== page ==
Behind the cases of acute childhood hepatitis of unknown origin, the trail of adenoviruses

It’s an intriguing series of acute hepatitis. It has been raging for a few months in young children, in certain European countries and in the United States. Intriguing, because the origin of these severe hepatitis has still not been elucidated, despite ongoing investigations.

In the United Kingdom, the country by far the most affected, there are now 108 cases which have been confirmed by the medical authorities, Thursday April 21: 79 in England, 14 in Scotland, and 15 between Wales and Northern Ireland. North. The first cases were detected at the end of March (except for one case identified in January). Most hospitalized children are between 1 and 5 years old. Eight of them had to undergo a liver transplant. “Transplants at these ages are extremely rare, so we are very concerned”Professor Susan Hopkins, chief medical adviser to the UK Health Security Agency (UKHSA), told the BBC.

Other isolated cases have been identified in the United States, in equally young children (nine cases in Alabama and two in North Carolina, as of April 21), as well as in Spain and Ireland, in particular. In France, two young children, diagnosed at the Femme-Mère-Enfant hospital in Lyon, were suspected of belonging to this series. But since then, these two cases “have been resolved, one a fortnight ago, the other a month agosaid the Hospices Civils de Lyon on Tuesday. One of the forms of hepatitis (affecting a 3.5-year-old boy) is of viral origin, the other (on a 7-year-old girl) is thought to be of metabolic-genetic origin, with examinations still being analyzed “. These two cases have no “no obvious links with the cases of hepatitis identified in the United Kingdom”believe these hospitals.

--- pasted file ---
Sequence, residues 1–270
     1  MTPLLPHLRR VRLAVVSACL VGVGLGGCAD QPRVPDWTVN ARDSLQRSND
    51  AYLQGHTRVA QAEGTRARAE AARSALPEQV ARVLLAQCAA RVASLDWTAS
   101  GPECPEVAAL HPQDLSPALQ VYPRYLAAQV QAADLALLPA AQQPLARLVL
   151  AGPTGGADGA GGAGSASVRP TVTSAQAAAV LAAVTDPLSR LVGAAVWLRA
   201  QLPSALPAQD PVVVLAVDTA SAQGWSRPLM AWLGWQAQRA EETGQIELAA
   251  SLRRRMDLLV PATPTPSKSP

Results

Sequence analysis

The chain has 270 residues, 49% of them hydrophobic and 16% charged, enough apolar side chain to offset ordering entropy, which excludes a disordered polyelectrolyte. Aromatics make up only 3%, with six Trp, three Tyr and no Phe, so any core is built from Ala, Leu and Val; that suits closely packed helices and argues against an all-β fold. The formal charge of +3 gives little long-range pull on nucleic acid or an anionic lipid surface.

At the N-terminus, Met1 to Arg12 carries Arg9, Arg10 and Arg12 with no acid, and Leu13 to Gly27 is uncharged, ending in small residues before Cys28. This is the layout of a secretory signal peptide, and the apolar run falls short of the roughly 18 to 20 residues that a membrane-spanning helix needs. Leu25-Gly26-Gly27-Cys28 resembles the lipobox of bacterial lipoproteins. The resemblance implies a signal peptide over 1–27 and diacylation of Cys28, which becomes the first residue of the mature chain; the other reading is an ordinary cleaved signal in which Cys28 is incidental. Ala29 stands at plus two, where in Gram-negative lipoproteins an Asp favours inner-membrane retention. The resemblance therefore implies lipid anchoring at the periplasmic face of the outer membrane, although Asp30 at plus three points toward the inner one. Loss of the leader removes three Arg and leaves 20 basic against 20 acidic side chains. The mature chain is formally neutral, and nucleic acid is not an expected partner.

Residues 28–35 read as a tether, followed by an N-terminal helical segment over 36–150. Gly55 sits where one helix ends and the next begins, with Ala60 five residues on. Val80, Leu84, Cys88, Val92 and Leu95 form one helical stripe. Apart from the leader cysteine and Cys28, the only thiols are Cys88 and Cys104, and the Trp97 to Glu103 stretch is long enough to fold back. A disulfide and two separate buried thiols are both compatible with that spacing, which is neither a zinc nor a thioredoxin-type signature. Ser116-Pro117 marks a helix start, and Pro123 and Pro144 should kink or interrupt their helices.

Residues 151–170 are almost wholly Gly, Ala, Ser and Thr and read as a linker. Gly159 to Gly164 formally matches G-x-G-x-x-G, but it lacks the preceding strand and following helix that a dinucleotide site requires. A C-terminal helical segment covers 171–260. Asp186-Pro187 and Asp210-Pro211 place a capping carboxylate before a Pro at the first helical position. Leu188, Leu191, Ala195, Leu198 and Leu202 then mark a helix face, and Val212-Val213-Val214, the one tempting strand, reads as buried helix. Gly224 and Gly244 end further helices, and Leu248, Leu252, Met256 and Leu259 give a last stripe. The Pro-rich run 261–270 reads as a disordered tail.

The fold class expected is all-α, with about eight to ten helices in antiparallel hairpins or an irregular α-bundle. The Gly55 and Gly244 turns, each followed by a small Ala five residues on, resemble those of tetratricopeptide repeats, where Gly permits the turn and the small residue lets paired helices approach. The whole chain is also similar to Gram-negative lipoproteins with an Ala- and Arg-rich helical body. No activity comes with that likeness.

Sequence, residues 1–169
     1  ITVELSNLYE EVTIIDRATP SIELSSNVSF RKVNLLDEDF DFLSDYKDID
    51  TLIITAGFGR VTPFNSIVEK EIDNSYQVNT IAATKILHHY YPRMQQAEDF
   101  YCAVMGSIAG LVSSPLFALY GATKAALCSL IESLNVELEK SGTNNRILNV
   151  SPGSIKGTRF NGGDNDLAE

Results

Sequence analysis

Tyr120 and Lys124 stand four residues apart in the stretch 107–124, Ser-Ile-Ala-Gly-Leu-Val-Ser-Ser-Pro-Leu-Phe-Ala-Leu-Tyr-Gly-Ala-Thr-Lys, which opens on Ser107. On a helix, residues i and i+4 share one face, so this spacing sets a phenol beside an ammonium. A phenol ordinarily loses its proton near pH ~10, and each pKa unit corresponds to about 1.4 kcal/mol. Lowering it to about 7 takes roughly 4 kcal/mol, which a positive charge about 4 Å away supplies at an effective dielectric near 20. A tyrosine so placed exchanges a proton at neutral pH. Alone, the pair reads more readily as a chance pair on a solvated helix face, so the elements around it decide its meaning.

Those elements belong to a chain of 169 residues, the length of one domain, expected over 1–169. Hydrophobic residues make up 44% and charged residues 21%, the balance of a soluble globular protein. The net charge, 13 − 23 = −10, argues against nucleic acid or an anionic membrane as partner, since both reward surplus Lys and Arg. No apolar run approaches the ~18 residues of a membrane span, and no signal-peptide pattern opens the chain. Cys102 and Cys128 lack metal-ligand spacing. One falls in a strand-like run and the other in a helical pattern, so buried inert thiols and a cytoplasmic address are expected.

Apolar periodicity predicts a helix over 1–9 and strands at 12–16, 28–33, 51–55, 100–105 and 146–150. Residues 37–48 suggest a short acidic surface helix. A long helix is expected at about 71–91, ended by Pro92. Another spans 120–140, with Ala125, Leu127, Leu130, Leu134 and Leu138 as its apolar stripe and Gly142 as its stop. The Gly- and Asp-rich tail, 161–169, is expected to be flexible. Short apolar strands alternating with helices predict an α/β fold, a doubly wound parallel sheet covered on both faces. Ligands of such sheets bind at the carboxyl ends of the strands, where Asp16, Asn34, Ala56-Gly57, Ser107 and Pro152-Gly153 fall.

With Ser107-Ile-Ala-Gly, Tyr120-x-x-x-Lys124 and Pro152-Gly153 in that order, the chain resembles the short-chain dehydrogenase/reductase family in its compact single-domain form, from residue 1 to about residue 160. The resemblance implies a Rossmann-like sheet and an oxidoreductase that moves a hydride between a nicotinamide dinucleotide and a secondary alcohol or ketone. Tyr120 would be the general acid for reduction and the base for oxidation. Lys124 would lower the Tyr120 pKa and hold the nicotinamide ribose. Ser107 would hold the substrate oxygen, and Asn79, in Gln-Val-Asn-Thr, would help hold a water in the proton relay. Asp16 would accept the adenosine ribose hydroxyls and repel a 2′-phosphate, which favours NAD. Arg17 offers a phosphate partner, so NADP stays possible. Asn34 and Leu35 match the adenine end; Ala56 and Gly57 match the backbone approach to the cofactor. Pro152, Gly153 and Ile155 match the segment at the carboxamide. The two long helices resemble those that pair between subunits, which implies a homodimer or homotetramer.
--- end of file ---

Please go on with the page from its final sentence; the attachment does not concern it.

The alert was issued by the World Health Organization (WHO) on April 15. “The priority is to determine the etiology of these cases in order to guide future clinical and public health actions”noted the UN organization.

Very unusual cases

Hepatitis is inflammation of the liver, that is to say responses of the immune system to an infection or damage to this organ. Their causes can be sometimes infectious, sometimes toxic (drugs, for example, or, for chronic hepatitis, an excessively fatty and sweet diet or a chronic excess of alcohol). In children, acute hepatitis often (but not always) results in jaundice, diarrhea, vomiting, abdominal pain, as well as dark urine and gray stools. And by fever, if its origin is infectious.

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